In early 2014 a young wild leopard was orphaned in Nepal. Now Asa, the leopard of hope, is part of a groundbreaking rewilding program as he finds his freedom high in the Annapurna Himalaya. More details at www.wildleopard.net
FEED ASA!!! ASA IS GROWING!… In the meantime here is the first image for sale since the move to the mountain. You can see how much Asa has grown … that is because of how much he eats! Just $5 www.wildtiger.org/jackkinross
You can help LEOPARD REWILDING PROGRAM in this vital project by purchasing images of the young leopard. You will be helping us with the many expenses involved in the rewildling process. This vital project is part of an overall plan to rewild leopards into areas where predators have been killed off by man. This project will help restore vital ecosystems.
Images will be sent electronically as soon as payments are cleared. Each image is in high resolution so can be printed in large sizes. There are currently 30 images of Asa taken during his first six months. All images are currently for sale at just $5.
Other images including tigers and mountains are available at Mountaintiger Photography. This helps support this project work in Nepal.
THE ASA DIARIES – LEOPARD REWILDING PROGRAM – ACCEPTANCE, REJECTION AND FLEXIBILITY ARE KEY INGREDIENTS IN HELPING A LEOPARD BE WILD AGAIN…
In the video clip you’ll see one of the key moments in Asa’s acceptance of Bidhya. The very next day Asa completely rejected the young wildlife
The rivers are up and over 600kg of gear is waiting on a jeep. Porters are ready for the final brutal carry up the mountain. A young leopard bides
his time but he is ready to become a true hunter, take the next lessons on his journey to become a mountain jungle survivor.
Asa’s handler types this blog with relative calm. I know nothing more can be done. We wait while the monsoon plays its cards. We’ll get there but climate does not wear a watch, it blows and flows the way it wants.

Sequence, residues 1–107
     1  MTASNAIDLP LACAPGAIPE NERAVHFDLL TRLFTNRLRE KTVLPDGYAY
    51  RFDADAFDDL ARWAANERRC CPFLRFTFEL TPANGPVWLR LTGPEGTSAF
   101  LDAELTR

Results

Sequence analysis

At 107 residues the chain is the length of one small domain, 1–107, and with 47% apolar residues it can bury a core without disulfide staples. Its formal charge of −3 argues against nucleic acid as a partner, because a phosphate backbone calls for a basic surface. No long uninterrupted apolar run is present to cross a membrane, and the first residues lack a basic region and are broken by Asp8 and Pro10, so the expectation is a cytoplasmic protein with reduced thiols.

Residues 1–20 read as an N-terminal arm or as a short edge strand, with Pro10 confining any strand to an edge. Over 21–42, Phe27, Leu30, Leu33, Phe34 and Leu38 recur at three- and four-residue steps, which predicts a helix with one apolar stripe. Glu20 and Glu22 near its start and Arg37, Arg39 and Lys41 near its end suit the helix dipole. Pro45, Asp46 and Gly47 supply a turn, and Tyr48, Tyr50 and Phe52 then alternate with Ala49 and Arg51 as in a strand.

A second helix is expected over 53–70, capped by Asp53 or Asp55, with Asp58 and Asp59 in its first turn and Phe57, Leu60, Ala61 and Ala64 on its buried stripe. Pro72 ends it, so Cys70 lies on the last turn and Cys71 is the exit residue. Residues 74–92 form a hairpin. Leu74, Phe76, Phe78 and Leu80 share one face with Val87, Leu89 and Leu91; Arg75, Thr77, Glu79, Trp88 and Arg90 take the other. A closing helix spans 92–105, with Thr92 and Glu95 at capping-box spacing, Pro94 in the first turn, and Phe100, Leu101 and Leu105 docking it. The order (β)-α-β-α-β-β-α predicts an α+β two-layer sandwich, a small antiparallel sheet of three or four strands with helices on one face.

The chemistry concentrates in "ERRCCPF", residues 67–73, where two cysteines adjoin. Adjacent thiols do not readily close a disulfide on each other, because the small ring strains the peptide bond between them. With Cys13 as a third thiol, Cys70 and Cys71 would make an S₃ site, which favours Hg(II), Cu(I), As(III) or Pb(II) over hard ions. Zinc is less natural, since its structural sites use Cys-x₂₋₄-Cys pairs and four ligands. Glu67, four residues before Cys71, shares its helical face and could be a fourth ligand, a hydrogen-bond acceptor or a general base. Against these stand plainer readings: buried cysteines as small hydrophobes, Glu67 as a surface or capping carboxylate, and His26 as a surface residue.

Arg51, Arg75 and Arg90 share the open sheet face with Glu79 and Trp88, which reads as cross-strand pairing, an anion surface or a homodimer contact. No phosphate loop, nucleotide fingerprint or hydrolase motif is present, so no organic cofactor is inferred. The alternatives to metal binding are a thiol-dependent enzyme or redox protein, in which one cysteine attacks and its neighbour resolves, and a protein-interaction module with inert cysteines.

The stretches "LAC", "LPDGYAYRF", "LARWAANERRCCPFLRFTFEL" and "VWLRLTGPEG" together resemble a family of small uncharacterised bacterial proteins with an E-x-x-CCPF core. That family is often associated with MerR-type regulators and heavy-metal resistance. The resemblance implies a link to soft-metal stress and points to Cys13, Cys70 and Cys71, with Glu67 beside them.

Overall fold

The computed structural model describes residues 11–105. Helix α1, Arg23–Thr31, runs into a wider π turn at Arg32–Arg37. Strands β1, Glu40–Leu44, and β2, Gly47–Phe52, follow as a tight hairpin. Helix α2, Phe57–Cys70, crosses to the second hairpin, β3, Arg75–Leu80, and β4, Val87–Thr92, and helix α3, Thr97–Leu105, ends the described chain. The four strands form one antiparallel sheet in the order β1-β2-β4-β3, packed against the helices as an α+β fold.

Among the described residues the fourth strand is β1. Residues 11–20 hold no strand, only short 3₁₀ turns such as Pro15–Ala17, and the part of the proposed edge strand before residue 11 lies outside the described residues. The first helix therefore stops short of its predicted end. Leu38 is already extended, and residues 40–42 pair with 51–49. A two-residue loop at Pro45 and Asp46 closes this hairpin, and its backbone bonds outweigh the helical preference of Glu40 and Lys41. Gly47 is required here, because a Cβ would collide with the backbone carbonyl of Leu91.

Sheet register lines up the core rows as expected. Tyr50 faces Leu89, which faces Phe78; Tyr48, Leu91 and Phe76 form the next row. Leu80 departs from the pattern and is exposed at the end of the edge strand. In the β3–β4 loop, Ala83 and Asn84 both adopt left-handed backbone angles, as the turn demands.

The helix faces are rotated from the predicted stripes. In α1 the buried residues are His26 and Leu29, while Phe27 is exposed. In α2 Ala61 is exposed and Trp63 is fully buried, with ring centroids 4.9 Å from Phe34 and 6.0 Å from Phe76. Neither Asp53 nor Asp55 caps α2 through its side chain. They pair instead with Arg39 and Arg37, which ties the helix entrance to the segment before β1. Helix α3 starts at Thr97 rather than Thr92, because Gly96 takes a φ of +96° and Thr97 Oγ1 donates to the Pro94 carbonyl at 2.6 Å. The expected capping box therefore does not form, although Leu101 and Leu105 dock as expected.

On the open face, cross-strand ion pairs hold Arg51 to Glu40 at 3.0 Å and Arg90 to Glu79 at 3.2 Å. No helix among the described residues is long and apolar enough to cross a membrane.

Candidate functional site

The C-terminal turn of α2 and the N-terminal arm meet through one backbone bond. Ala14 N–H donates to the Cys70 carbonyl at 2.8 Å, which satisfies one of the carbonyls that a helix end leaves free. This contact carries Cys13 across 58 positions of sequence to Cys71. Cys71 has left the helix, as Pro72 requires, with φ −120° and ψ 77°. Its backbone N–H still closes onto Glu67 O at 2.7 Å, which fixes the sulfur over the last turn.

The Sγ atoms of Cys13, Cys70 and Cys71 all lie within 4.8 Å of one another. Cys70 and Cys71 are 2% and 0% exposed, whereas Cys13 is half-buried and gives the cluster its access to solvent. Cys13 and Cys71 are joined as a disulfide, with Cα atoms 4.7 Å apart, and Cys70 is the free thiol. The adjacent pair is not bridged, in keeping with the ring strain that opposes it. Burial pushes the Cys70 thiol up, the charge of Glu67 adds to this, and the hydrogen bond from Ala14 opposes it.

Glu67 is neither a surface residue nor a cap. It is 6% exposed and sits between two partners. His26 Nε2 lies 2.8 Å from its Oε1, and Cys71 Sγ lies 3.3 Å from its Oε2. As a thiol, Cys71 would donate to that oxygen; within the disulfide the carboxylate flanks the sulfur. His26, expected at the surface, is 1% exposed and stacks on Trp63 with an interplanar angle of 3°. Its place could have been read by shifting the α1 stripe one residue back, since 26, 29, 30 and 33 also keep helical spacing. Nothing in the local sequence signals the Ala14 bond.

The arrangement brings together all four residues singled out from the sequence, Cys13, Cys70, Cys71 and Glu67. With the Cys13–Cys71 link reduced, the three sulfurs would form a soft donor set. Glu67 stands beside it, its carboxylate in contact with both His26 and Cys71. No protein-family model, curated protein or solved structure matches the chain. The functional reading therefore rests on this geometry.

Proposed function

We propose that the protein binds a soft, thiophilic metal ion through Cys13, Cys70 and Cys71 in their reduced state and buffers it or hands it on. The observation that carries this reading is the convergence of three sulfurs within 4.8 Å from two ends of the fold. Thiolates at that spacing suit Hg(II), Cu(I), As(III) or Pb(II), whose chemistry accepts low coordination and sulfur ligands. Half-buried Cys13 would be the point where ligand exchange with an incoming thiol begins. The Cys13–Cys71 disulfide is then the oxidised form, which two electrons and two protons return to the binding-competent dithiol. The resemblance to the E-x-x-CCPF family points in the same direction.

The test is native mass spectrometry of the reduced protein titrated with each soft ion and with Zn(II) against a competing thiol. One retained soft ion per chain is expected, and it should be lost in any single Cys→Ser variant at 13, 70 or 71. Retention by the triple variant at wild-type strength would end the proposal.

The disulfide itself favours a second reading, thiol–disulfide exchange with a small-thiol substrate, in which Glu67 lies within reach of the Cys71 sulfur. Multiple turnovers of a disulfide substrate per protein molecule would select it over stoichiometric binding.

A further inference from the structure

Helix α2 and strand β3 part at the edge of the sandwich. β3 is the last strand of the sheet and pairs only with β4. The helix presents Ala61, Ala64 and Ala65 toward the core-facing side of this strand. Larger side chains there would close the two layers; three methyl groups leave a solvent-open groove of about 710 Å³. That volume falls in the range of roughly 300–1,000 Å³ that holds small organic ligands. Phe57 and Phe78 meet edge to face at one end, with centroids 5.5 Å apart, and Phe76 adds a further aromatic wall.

The young leopard accepted and got to know Bidhya over many days because I needed him to do that. Bidhya is filming and shooting still images during the transfer, she has a quiet, relaxed way which suits her small frame. You get the feeling Asa knows he could inflict serious damage on her if he needed to. Bidhya and Bindu, who will be at the ready with sedatives if the leopard becomes stressed, are vital cogs I have brought in for the
transfer. Both have seen Asa behave with anger and aggression, they know the score and that the placid leopard you see in the video is only a part of the equation. Only Shiva and I can handle Asa now and Shiva will not be making the journey. His place is in the Kaski to handle smaller, much younger cubs in the future. Asa knows Bidhya and Bindu will not harm him but he still calls the shots as to how close they can get, his independence grows daily. I have to keep a close eye on the body language of leopard and human at all times during interaction. Already Asa is pulling away from Shiva and I know one day, up in the Himalayan jungle, the leopard will decide he no longer needs me either.
The Stage 2 location is such that leopards will have minimal human contact. I’ll be making weekly video and written reports for conservation staff, the locals and tourists when I drop down to the village each week. As I wrote in a previous post you can get an idea of the plan at wildleopard.net
I’ll be able to blog again before the transfer is complete. After that there will be a gap while communication systems are sorted out. There’s going to be some sad goodbyes but everyone involved is excited about the new beginning. Nature, in the form of the Himalayan weather and a young leopard is making us wait and teaching us acceptance, rejection and flexibility. Support has been wonderful, inspirational. Family and friends have come to the fore, thank you from deep in my heart for the belief. There have been moments of real struggle but others of real humour which I’ll explain next time. I’ll also talk about Marty Coss, a great friend and colleague in Australia, a man who understands the right to life and whose connection to nature inspires me. His help and that of many others are just as important as the jungle session I close my laptop for now, to have with Asa, the leopard of hope, as his journey continues…
The brutality and intimacy of the kill means words are best left unsaid..